Vigilant self-management is associated with positive health outcomes in people living with chronic obstructive pulmonary disease (COPD), yet the predictors of activated self-managers are not well understood.
The aims of the study were to identify and describe the predictors of patient activation among a sample of community-dwelling adults with COPD in the United States.
A postal survey of demographic, mood, symptom, function, health perception, life quality measures, and the patient activation measure was completed by 64 participants. Descriptive and inferential statistics were used to examine and describe associations between personal characteristics, health outcomes, and patient activation measure scores (0–100). Multivariate, linear regression analysis was conducted to identify predictors of patient activation score.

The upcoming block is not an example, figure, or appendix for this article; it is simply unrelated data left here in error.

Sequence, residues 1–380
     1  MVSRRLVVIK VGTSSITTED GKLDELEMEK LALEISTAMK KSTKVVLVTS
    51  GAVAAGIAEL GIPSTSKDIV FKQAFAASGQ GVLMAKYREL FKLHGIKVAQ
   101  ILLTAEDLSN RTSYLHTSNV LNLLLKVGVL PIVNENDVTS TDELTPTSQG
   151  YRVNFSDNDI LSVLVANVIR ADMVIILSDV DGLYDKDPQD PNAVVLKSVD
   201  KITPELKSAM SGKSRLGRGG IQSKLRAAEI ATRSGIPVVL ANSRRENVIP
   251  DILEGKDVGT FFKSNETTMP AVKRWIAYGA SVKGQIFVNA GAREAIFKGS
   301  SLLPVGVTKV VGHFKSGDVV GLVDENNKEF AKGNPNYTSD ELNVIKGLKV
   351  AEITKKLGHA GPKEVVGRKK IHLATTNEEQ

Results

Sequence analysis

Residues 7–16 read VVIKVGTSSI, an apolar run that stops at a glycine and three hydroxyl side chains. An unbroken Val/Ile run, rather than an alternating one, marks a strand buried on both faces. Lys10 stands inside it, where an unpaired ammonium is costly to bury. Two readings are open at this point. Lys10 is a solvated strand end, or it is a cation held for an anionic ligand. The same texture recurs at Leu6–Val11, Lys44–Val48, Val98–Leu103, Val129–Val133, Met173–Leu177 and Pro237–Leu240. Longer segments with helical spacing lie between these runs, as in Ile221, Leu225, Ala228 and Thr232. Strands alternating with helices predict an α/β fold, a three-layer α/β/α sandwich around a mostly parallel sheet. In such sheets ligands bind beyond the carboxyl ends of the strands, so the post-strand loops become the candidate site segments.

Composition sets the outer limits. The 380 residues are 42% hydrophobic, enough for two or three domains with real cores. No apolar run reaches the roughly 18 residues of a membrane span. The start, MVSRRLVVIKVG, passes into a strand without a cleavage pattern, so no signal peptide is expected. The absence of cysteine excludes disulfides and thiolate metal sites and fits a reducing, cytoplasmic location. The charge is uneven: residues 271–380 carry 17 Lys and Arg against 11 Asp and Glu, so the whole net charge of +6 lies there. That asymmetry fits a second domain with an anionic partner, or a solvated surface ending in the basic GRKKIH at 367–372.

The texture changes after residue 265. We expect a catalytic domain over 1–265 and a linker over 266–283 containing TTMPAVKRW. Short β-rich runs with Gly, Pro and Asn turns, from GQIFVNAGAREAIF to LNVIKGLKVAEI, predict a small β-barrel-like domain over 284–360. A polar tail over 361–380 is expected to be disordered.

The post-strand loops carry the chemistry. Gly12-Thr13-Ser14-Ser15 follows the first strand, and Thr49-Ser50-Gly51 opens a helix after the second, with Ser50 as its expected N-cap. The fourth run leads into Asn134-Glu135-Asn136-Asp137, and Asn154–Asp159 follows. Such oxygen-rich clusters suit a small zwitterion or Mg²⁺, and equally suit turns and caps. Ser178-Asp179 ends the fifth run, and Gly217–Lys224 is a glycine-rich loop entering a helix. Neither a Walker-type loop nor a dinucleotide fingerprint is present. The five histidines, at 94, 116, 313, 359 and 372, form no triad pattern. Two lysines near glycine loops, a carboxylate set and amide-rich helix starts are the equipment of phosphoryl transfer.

Patient activation was high among the sample. Multivariate analysis revealed positive affect, smoking pack-years, overall quality of life, and female gender collectively explained 45.4% of the variance in patient activation.
Positive life view, gender, and lifestyle factors present novel predictors of high activation in self-managers of COPD that warrant explication through future research.